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23,500 items to be put online to show Prince Albert’s influence on the Victorian Age

A new three-year digitisation project will see some 23,500 items from the Royal Collection, Royal Archives and Royal Commission be published online. The project directors hope it will shed new light on the role and influence of Prince Albert, Prince Consort, on life and society during the reign of his wife, Queen Victoria.

The first lot of items will be published in the summer of 2019 to mark the bicentenary of Albert’s birth with the full range of private papers, collections and pieces – some of which have never been seen publicly – to be available by the end of 2020.

The second son of Ernest I, Duke of Saxe-Coburg and Gotha, and Princess Louise of Saxe-Gotha-Altenburg, Prince Albert was a collector and patron and historian of art, design and architecture and acted was made chancellor of Cambridge University.

In addition to his role as prince consort, Prince Albert acted as Queen Victoria’s unofficial private secretary and historians credit him as the guide and mentor of some of the most significant national projects of the Victorian era. His time in the UK – from his marriage to Victoria in 1840 until his death in 1861 at the age of 42 – saw significant changes in overseas relations, education, social welfare and government structures. In addition to Britain’s advance as a global industrial powerhouse the country saw expansion of railways and transatlantic trade as well as the rise of trade unions.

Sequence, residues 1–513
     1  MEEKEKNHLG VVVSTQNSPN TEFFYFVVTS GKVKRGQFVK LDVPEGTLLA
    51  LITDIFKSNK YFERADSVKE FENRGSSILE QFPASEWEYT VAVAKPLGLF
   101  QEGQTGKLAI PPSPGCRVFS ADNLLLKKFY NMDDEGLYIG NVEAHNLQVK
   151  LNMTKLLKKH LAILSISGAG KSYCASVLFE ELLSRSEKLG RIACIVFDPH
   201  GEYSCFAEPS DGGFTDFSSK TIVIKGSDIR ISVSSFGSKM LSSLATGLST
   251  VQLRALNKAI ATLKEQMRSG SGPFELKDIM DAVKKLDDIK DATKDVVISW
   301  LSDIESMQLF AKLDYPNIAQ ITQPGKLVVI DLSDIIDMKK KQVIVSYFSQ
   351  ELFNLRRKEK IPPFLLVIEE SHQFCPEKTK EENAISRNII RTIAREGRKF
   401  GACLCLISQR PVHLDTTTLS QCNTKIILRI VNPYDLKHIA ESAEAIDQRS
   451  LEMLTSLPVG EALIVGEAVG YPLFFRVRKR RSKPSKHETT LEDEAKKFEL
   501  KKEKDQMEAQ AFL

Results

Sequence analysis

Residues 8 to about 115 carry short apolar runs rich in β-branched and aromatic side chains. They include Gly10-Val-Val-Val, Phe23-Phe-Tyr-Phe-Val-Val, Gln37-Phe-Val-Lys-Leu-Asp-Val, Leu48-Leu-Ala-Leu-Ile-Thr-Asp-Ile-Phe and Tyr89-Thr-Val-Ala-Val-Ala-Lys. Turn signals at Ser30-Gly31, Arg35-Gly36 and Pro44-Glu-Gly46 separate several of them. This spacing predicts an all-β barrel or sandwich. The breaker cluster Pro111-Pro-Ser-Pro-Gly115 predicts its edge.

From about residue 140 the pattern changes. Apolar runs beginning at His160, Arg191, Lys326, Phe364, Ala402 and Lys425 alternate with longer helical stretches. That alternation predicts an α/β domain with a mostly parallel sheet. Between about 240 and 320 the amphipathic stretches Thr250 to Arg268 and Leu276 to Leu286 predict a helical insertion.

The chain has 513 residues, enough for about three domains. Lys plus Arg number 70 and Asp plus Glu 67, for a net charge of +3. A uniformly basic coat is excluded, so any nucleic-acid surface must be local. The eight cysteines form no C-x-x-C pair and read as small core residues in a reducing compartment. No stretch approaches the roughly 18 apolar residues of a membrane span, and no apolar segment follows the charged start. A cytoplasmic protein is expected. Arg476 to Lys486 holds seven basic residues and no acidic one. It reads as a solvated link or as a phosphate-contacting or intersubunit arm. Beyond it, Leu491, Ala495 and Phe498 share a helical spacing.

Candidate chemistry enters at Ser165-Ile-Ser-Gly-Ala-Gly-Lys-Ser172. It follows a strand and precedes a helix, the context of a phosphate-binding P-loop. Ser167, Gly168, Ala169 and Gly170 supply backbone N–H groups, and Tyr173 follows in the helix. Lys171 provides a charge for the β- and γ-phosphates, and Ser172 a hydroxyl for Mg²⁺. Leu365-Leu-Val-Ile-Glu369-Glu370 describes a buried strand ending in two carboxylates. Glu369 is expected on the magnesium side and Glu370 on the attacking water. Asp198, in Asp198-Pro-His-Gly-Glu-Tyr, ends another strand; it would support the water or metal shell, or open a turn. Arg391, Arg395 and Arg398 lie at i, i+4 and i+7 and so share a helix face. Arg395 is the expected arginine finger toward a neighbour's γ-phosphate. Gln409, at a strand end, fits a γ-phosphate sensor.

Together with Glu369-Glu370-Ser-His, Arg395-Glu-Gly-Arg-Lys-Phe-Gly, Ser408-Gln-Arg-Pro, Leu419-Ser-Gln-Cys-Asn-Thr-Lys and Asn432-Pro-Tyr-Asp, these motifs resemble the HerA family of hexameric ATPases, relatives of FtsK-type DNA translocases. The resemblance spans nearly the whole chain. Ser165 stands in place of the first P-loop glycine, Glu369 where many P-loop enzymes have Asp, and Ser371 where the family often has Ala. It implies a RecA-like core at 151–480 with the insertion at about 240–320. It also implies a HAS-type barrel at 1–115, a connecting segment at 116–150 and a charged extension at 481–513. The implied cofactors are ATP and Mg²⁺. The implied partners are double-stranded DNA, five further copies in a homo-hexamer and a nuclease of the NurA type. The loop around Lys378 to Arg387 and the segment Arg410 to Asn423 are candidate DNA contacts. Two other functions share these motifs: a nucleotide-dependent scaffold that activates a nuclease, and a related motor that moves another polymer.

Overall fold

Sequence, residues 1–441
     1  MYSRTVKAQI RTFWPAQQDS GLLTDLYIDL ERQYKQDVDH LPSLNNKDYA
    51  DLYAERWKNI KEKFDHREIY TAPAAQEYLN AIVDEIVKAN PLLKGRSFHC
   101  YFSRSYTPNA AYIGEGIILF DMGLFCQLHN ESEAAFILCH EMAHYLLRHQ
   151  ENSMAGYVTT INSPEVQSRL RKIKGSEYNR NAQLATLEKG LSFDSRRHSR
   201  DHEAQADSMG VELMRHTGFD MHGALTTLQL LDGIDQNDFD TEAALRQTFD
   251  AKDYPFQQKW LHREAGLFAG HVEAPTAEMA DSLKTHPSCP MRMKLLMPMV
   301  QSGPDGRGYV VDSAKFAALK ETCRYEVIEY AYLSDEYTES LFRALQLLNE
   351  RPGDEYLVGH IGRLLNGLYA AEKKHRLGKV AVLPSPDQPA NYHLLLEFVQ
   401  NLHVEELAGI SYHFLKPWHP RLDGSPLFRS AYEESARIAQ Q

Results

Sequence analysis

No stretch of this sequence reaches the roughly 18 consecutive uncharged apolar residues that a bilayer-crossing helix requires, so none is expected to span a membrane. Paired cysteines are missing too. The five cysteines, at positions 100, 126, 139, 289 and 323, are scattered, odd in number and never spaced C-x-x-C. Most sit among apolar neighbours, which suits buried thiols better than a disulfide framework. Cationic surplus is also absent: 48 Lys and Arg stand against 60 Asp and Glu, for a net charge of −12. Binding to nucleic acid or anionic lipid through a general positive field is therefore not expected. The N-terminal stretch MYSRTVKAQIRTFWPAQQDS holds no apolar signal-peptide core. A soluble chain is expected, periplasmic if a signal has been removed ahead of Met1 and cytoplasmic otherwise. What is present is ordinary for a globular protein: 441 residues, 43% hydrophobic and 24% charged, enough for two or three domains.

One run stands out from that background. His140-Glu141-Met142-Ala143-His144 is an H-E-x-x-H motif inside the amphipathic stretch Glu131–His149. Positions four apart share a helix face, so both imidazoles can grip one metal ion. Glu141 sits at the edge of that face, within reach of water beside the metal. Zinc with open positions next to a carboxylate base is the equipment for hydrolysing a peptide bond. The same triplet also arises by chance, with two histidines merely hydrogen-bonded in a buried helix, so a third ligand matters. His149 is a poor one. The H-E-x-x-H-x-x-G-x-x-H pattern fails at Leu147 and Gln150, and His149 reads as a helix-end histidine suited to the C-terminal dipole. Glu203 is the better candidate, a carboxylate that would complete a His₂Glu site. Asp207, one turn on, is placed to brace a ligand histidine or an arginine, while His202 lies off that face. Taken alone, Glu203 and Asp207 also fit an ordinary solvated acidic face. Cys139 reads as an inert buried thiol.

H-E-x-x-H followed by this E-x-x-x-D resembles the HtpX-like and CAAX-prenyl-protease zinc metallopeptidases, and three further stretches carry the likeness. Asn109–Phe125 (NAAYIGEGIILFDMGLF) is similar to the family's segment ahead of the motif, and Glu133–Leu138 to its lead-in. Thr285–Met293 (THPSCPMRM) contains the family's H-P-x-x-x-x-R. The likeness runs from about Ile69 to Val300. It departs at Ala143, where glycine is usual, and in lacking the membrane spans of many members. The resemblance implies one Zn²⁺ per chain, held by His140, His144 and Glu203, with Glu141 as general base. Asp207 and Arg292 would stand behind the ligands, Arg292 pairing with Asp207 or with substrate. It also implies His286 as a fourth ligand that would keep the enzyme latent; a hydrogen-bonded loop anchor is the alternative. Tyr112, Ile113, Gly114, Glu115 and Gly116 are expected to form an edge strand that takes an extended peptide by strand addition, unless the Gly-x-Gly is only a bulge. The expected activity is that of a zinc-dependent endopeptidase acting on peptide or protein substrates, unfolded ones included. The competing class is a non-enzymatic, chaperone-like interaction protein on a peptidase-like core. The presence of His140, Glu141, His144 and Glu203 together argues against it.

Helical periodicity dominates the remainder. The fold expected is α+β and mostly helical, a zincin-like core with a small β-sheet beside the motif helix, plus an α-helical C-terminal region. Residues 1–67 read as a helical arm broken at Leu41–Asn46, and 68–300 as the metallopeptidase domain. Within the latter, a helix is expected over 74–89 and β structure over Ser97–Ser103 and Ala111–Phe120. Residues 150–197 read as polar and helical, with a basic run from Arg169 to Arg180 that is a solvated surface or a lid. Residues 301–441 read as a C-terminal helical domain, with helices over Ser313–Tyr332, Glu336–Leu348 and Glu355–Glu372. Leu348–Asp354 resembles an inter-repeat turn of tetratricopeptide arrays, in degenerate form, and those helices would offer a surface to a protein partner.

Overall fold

One of the documents to be published is a letter from Prince Albert to then prime minister, Lord Russell, during the recession of 1848. The prince consort shared his concerns about a recent decision to reduce building works on the royal palaces in favour of laying off workers. Albert passionately argued that “Surely this is not the time for the tax payers to economise upon the working classes!”

The digitisation project will also see items such as catalogues from the prince’s private library, inventories of his collection of paintings and two sizeable collections of prints and photographs, many of which he commissioned to document life in the royal household and important royal events. Albert was a keen supporter of photography – a new medium at that time – and he became patron of the newly established Photographic Society in 1853 alongside his wife.

Oliver Urquhart Irvine, librarian and assistant keeper of The Queen’s archives said the project “will transform academic and public access to this unparalleled collection and will allow a fresh assessment of this influential man.” He added that digitising the large collection of pieces would ““enable a comprehensive study of the life, work and legacy of Prince Albert on a scale that does justice to his contribution to 19th-century Britain and the world”.

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